Monica Huettl has writing chops and a passion for telling the stories of Redwood Valley. Huettl recognizes the importance of municipal coverage taking on the task of attending Redwood Valley Municipal Advisory Meetings and has since broadened out to cover many aspects of inland Mendocino County’s water issues.
On Tuesday evening well owners and well drillers gathered at Barra of Mendocino Winery to hear from Eric Cadaret of West Yost Associates, General Manager of the UVBGSA, and Marlayna Duley of the County Environmental Health Department. Glenn McGourty, District One Supervisor and Member of the Board of Directors of the UVBGSA, was also in attendance. This was the first workshop on changes in well-permitting procedures under Executive Order N-7-22 signed by Governor Gavin Newsom on March 28, 2022. The purpose of the workshop was to gather facts and share information.
Paragraphs 9.a and 9.b of the Order will change the well permitting process and were the topic of the workshop. The new rules will not apply to wells that produce less than two acre-feet per year for individual domestic users, and wells that provide groundwater to public supply systems.
Paragraph 9.a says that all permits for new wells or alterations of existing wells that pump more than two acre-feet per year, that are within a medium or high-priority groundwater sustainability basin will be subject to review by that basin’s groundwater sustainability agency. Much of inland Mendocino County sits on top of the Ukiah Valley Groundwater basin, a medium priority basin, which runs from the north part of Redwood Valley down to its southern border near McNab Creek, and is several miles wide from east to west.
Paragraph 9.b applies to the entire county and state. It says that permits for new wells or alterations of existing wells that pump more than two acre-feet per year will only be issued if they do not interfere with existing nearby wells or cause ground subsidence that would damage nearby infrastructure.
You can kiss goodbye to the one-page well permit application. Both paragraphs will mean more hoops to jump through and increased costs for well drillers and well owners. As Eric Cadaret stated at the meeting, the new rules are in response to some of the groundwater basins in the Central Valley being in a “death spiral” from overpumping. Ukiah’s groundwater is in pretty good shape and the goal is to keep it that way. The audience was full of experienced ag people, both well owners and drillers.
Some highlights from the workshop:
- Two Acre-Feet per year amounts to almost 685,000 gallons per year. Most households use between 2,000 and 5,000 gallons per month. Most domestic wells will not be affected by this order.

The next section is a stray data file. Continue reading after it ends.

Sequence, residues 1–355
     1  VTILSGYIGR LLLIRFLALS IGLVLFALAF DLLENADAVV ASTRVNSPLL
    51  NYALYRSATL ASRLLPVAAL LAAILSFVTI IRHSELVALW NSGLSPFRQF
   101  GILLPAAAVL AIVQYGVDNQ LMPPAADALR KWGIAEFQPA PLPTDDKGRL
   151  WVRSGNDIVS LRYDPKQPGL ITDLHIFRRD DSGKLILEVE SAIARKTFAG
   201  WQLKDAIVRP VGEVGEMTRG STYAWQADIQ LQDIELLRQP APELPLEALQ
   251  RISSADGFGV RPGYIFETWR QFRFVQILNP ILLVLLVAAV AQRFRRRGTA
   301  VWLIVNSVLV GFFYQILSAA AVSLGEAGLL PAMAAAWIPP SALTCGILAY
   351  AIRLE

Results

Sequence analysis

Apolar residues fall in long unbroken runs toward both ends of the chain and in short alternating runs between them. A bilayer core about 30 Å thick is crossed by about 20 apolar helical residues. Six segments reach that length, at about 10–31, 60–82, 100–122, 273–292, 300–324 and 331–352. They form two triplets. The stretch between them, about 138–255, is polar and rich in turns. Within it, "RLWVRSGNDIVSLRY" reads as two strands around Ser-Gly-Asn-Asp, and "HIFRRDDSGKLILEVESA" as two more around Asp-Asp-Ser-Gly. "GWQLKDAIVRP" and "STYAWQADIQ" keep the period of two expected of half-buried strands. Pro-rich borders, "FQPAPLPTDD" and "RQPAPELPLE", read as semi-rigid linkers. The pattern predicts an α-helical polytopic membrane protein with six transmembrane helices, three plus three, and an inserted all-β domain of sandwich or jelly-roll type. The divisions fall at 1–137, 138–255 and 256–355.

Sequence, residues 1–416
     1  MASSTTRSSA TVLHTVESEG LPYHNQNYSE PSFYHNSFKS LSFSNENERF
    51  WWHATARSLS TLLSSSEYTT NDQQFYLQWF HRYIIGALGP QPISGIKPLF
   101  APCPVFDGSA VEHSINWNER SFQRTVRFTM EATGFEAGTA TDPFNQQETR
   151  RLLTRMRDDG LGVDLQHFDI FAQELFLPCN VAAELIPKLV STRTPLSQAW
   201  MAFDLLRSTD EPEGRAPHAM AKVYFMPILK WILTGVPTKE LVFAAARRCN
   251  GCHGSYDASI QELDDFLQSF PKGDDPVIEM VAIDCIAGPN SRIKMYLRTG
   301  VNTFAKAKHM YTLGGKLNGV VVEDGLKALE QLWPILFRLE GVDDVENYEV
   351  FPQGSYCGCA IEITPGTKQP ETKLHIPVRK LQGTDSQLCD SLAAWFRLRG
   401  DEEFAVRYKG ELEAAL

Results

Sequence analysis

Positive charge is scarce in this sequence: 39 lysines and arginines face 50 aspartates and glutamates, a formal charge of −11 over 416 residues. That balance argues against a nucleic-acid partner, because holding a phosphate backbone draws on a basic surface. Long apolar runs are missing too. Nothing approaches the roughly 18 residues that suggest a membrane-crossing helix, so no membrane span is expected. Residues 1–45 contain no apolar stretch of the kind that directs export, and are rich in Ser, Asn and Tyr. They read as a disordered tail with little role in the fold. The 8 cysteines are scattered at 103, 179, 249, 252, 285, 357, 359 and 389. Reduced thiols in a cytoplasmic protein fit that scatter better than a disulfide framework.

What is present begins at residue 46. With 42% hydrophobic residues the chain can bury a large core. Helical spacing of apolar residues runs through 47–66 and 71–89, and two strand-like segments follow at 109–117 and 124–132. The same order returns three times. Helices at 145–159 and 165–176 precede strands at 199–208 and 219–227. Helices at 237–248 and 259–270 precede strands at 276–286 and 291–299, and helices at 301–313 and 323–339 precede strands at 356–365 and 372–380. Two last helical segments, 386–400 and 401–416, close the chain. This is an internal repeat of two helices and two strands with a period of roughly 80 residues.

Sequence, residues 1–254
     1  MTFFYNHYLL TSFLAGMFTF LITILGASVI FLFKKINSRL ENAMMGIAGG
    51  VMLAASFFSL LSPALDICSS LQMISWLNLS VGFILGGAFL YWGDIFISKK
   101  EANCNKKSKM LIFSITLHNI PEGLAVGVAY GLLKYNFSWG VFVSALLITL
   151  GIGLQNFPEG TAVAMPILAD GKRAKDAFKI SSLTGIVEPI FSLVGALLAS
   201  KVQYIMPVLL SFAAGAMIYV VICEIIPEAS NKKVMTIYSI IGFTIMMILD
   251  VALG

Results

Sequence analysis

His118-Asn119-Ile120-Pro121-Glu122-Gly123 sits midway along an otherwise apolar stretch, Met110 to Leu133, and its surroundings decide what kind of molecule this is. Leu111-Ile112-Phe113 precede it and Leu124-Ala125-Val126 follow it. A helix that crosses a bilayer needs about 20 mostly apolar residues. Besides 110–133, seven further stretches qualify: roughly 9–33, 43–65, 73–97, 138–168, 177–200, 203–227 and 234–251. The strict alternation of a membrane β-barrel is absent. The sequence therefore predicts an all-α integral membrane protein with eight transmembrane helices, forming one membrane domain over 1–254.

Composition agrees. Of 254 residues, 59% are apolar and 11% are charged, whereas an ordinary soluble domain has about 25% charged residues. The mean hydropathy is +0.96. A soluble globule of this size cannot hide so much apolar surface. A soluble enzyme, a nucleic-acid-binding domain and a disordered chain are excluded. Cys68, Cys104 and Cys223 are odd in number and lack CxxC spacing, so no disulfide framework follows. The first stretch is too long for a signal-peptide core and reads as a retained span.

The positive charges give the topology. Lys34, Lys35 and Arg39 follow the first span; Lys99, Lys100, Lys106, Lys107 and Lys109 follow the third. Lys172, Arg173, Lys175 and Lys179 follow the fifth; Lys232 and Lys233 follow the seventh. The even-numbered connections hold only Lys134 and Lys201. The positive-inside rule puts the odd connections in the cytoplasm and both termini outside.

- For wells that produce less than two acre-feet per year, does the definition of “domestic” include people on small acreage who use their well water to also water animals?
- What is the definition of “nearby wells” and “nearby infrastructure” in the Order?
- Well repair permits will need to be approved by both the County and the UVBGSA in a process that can take up to 90 days. What about emergency repairs where livestock or crops need immediate water? Do owners and well contractors need to wait for permit approval? Can simple repairs that do not increase the amount pumped be fast-tracked? Any wait time is too long in most cases.
- While waiting for permit approval will property owners be able to have water hauled in? This is a concern because of new rules for water trucks instituted last year, prohibiting some water hauling.
- How long will the monitoring period be when determining whether there is ground subsidence or interference with neighboring wells?
- On large acreages where there are no nearby wells, does the owner need to also drill a “test well” to monitor subsidence and interference?
- If subsidence or interference is the reason for the permit is denied, it may be possible to apply for a new permit requesting a lower amount to be pumped.
- The County needs to do a survey of all existing wells. They don’t know how many wells are actually out there.
- Will well drillers be kept in the loop during the lengthy permitting process?
- It already takes far longer than it should to get any sort of permit from the county. Calls go unanswered, there is not enough staff. Who is going to handle the new permitting process? If you put new rules in place to protect groundwater without staff to implement them, it amounts to nothing more than virtue signaling. Supervisor McGourty said that the County is hoping to hire a water resource team using grant money. Marlayna Duley said that the State Water Resources Control Board is mandating that the County complies with these new rules. The County is trying to comply with as few extra burdens as possible. The public is welcome to submit ideas.
- The State of California has billions of dollars available for water infrastructure. The new rules put a tremendous burden on the county and farmers. Will the state provide funding for any of this?
- If after all paperwork is submitted for a new well and it is not approved after all the testing process, it will need to be destroyed. Does the owner need to apply for a “destruction permit?”
- Ballpark figure for new hydrogeology and other reports required? $30,000 to $60,000. Could be as high as $250,000.
- Will it help fast-track the permitting process if well owners use an independent consultant who can get the permit approved quickly?
- Is there a difference between a permit to pump river “underflow” rather than groundwater?
- This is opening Pandora’s box.
- The devil is in the details.
The next workshop will be held in January 2023. Stay tuned.